England Junior doctor

Last updated:

Shared parental leave boost for juniors

Baby in incubator

An agreement enabling junior doctors who take shared parental leave to access enhanced pay rates has been heralded by the BMA as a real advance in workplace equality.

Doctors across England will now be able to access occupational pay when taking shared parental leave.

The change will also allow doctors who have not accrued 26 weeks of continuous employment with their employers, owing to being on rotational contracts, to qualify for shared parental leave as they can for maternity leave.

The announcement comes via staff council as a result of lobbying from the BMA junior doctors committee. Prior to the change, doctors applying for shared parental leave could only receive basic statutory pay in the first six months, meaning that parents seeking to divide their leave in those early months after having a child would be financially worse off than if the mother took it all as maternity leave.

Sore point

Following lobbying by the association, the Government last year agreed to provide enhanced shared parental pay for all NHS staff.

BMA junior doctors committee chair Jeeves Wijesuriya (pictured below) said the changes were a simple yet important step towards addressing the gender pay gap within medicine.

He added that the changes, reached in agreement with the Department of Health and Social Care and health secretary Matt Hancock, represented the first fruits of the contract review, as well as an important step towards addressing the gender pay gap within medicine.

SRM 2016
Rajiv (Jeeves) Wijesuriya speaking

He said: ‘Starting a family represents a significant life change for anyone whatever their profession, with the prospect of becoming a parent resulting in re-evaluation of priorities and working arrangements.

‘Previously, doctors wishing to share responsibility for care following the birth of their children faced the prospect of having to take a financial hit or, in the case of junior doctors, be told that they did not qualify for shared leave due to the rotational nature of their employment contracts.

‘This has meant that parents wishing to take time away from work to share in child care have been unable to, which in turn has compelled one parent to take most of the leave and time out of their career, a situation that has contributed to gender pay disparity within medicine.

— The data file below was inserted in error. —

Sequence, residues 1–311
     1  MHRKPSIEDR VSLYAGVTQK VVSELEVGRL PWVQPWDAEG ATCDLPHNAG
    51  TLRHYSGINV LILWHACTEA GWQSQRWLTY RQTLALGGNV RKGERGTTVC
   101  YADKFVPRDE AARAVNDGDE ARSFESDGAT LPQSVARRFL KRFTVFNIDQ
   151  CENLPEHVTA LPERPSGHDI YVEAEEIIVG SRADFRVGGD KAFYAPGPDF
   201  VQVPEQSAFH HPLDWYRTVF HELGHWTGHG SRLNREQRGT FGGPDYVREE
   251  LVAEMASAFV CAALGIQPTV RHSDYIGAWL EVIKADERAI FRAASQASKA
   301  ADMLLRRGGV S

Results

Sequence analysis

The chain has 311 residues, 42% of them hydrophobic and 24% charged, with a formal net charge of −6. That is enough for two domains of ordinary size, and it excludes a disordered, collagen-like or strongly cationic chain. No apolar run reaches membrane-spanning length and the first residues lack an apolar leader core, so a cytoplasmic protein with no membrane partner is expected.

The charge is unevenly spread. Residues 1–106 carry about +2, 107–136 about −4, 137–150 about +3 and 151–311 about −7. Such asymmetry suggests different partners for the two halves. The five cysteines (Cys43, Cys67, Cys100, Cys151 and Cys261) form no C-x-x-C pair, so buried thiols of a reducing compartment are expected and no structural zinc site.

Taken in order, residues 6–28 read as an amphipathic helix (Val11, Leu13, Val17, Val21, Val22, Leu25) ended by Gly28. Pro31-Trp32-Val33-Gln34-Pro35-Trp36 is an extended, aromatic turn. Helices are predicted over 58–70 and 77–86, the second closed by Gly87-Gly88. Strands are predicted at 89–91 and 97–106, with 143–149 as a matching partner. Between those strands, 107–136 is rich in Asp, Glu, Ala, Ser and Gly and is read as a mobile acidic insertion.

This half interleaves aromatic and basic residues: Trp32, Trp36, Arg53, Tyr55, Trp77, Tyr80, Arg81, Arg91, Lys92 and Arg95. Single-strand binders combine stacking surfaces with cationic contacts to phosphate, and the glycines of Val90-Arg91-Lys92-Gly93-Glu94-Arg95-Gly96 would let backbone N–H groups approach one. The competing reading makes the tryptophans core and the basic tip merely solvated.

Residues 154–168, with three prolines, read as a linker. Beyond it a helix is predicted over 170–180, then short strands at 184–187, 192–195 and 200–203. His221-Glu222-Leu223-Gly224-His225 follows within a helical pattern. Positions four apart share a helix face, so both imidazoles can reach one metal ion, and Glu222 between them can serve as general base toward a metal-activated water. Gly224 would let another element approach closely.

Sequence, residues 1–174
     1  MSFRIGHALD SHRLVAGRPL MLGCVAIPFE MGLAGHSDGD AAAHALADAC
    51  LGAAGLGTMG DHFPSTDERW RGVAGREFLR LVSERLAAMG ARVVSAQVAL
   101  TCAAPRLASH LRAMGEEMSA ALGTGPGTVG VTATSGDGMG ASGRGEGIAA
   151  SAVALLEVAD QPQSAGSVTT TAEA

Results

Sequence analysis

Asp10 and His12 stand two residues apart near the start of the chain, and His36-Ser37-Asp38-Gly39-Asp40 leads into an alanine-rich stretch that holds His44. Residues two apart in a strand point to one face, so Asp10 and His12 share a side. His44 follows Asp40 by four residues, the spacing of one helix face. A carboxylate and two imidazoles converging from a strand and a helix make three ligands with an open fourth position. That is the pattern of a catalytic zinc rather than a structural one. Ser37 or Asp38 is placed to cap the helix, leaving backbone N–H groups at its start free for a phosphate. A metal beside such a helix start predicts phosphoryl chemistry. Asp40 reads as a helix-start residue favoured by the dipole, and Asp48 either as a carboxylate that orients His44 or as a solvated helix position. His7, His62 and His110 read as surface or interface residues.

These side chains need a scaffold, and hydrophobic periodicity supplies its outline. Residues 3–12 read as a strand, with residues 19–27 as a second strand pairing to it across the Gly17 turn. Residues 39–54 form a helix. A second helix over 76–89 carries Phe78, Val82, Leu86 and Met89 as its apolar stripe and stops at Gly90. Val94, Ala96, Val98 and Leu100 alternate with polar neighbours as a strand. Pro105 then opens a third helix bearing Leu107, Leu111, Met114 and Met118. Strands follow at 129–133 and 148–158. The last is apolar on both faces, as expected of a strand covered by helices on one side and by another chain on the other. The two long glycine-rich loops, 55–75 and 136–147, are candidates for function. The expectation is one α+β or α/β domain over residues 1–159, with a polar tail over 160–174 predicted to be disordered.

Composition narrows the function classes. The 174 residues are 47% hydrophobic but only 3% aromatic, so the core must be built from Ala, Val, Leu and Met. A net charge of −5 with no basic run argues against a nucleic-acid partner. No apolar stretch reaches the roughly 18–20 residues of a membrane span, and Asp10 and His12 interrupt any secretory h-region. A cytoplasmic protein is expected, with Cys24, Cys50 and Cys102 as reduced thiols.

‘Going forward, junior doctors will also receive the equivalent to statutory pay for maternity, adoption and shared parental leave as well, which they have missed out on previously due to their rotational contracts.

‘Also, any time on an approved out-of-programme experience will now not affect your continuity of service and entitlement to leave.

'The NHS staff handbook reflects these changes and has been updated to include new sections on fostering for adoption, overseas adoption and surrogacy to ensure clarity and protection for staff with all types of family.’


Time out

The changes have been welcomed by one Dorset-based junior doctor, who is soon to become a father, who said that he intended to make use of the new provisions to take time out following the birth of his child.

The doctor, who asked not to be named, said that previously he would have been unable to qualify for shared parental leave owing to the fact he had not been with his employer for 26 weeks – despite having been working continuously in the NHS for the past five years.

He said: ‘A friend of mine had previously applied for leave at his hospital and was told that he wasn’t eligible for it because he hadn’t been working for that hospital for the preceding 26 weeks – which is exactly the position I’m in.

‘Our financial situation wouldn’t change all that drastically if my wife decided to take all of her maternity leave and I just carried on working,’ he explained.

Dr Wijesuriya added that the changes were about creating more choice for families and that if a mother wished to take her full maternity leave and pay, rather than convert it to shared parental leave, she was still able to do so.
He said: ‘The introduction of fair shared parental leave brings flexibility for parents and is a real advance in increasing fairness and equality within the workplace.’

What is shared parental leave

Find out what the changes mean